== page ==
Bulgarian Syndicate Resettles Workers of Troubled Lead, Zinc PlantIndustry | June 20, 2012, Wednesday // 18:43| views
Workers from the Lead and Zinc Complex in Bulgaria's Kardzhali are pictured during a hunger strike over unpaid salaries in May 2012. Photo by BGNES
The Confederation of Independent Bulgarian Syndicates (KNSB), a trade union, has moved to resettle the workers of the troubled Lead and Zinc Complex (LZC; OTZK) in Bulgaria's Kardzhali.
On Wednesday, KNSB chief Plamen Dimitrov sent a letter contain lists of names of OTZK workers to the owner of KCM 2000 AD – Plovdiv Nikola Dobrev, and the owner of Gorubso Madan AD Nikolay Valkanov, both of them producers of nonferrous metals.
The metallurgy workers in question from the troubled plant in Kardzhali have expressed a desire to work in KCM 2000 or Gorubso Madan, KNSB said.
The owners of the two companies in turn have made a commitment to the syndicate and Bulgarian Prime Minister Boyko Borisov to hire some of the staff of OTZK in order to help mitigate the social problems in Southern Bulgaria.
KCM 2000 is expected to hire 74 workers, and Gorubso Madan – 10, according to the syndicate.
In May 2012, the new concessionaire of Bulgaria's Gorubso Madan Mines, wealthy businessman Nikolay Valkanov, committed to creating jobs for 60 workers from the troubled Lead and Zinc Complex (LZC; OTZK) in Bulgaria's Kardzhali.
The largest Bulgarian producer of non-ferrous metals, the Lead and Zinc Complex (LZC; OTZK) in the southern city of Kardzhali has been in trouble for at least several months now, with many fearing that the heavily indebted LZC, which has been out of operation in the past four months, will have the fate of Kremikovtzi, the behemoth steel mill near Sofia, which no longer operates as a result of years of mismanagement.
The creditors and trade unions have agreed to seek a way to fuel the Lead and Zinc Complex in Kardzhali again.
On June 1, news emerged that Polish consortium Silesia wants to rent the complex for three years.
On April 12, after 40-day protests over delayed salaries, the workers at the Lead and Zinc Complex received some of their money, totaling BGN 500 000, which were distributed on as a result of the sale of another troubled company, the Gorubso-Madan mining firm.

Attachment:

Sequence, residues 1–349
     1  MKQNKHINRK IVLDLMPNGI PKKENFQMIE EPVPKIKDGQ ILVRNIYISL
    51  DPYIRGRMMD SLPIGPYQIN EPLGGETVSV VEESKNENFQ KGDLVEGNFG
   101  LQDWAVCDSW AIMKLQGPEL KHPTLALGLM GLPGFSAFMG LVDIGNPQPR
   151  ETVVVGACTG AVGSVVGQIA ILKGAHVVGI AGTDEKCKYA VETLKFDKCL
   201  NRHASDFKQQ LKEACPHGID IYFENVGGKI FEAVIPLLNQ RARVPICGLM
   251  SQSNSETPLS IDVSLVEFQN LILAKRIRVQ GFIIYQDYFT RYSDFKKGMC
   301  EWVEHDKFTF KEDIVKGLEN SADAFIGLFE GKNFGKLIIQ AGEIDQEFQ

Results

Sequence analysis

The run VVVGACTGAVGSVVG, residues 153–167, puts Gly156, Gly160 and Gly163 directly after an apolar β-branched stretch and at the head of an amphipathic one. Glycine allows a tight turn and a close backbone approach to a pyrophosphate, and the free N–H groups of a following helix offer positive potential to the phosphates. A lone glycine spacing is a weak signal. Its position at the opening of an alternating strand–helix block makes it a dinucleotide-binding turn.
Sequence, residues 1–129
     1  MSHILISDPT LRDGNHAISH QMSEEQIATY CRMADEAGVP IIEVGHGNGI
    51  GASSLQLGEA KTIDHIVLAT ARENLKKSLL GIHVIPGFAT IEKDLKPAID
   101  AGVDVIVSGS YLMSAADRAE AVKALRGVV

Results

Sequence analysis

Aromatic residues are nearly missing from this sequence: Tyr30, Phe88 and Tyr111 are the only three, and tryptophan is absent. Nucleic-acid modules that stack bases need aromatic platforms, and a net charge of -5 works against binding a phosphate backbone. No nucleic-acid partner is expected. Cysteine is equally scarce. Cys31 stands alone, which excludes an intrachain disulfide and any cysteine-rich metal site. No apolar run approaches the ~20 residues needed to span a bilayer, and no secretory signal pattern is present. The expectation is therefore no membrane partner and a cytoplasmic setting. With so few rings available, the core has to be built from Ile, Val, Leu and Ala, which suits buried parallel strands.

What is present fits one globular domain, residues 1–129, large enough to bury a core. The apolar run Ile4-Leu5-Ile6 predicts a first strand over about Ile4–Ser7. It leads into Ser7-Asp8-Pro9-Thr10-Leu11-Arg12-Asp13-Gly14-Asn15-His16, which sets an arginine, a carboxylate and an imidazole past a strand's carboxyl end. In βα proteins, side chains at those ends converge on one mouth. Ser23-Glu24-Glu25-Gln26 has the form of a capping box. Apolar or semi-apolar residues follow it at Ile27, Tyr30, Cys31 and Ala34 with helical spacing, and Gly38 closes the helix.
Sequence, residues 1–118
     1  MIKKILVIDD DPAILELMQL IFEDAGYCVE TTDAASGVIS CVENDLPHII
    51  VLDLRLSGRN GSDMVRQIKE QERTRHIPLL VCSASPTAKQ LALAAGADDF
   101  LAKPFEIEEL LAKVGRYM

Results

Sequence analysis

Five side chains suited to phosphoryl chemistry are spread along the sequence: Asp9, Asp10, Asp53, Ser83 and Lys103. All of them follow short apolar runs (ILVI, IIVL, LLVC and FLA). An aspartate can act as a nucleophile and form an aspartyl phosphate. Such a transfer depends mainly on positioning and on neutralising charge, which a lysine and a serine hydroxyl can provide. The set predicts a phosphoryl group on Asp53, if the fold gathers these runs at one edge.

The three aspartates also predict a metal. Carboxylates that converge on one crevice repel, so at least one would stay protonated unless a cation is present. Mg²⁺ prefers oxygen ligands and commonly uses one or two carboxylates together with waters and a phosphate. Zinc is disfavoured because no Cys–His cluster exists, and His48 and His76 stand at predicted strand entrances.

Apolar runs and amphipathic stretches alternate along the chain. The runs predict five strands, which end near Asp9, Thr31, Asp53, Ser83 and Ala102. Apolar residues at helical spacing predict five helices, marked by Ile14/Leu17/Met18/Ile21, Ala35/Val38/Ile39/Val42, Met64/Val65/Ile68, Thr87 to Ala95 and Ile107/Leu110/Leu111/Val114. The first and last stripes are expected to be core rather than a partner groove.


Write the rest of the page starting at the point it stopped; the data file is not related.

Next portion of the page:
Both the LZC and Gorubso-Madan were part of Intertrust Holding owned by Bulgarian tycoon Valentin Zahariev. However, both have descended into debt, leading to workers' protests, and an intervention by the state arranging the sale of both companies by Intertrust Holding.
Zahariev owes a total of BGN 1.4 M in unpaid salaries to the Lead and Zinc Complex workers, and the payment of the January salaries came after 42-day protests by the plant workers which started in Southern Bulgaria and reach the capital Sofia. Zahariev has raised the needed cash through the sale of the Gorubso mines in the southern town of Madan.
Bulgaria's government has indicated that the LZC in Kardzhali is also for sale, and that there are three bidders – one Bulgarian and two foreign – vying for it. However, Bulgaria's Finance Minister and Deputy PM in charge of the economy Simeon Djankov never specified which the bidders were, with the news about the interest expressed by a Polish consortium first emerging on Friday, April 20.
Initial data indicate that Zahariev's debts already amount to BGN 360 M, and are way beyond the earlier known figure of BGN 320 M.
A total of 519 employees of the Lead and Zinc Complex in Kardzhali, the leading Bulgarian non-ferrous metals producer, had not received salaries for half a year.
In early April, the workers filed personal claims in Court against the owner of the plant, Bulgarian oligarch Valentin Zahariev, who is also know for mismanagement of what used to be the largest steel-maker in Bulgaria, the now bankrupt Kremikovtzi plant near Sofia. They demand the replacement of the entire management, starting with him.
The Lead and Zinc Complex is still owned by Zahariev, the now-former owner of the Gorubso Madan metal mines. Gorubso Madan miners finally received their overdue wages after they had been staging protests for two weeks.
Businessman Nikolay Valkanov has taken over the concession of the Gorubso Madan metal mines from Valentin Zahariev. Valkanov is a former VP of Multigroup, the company of Bulgarian tycoon Iliya Pavlov, who was shot dead in 2003. Valkanov currently owns "Minstroy" and Gorubso Zlatograd, another mining company in Southern Bulgaria, and has a concession of the "Varba" mine.
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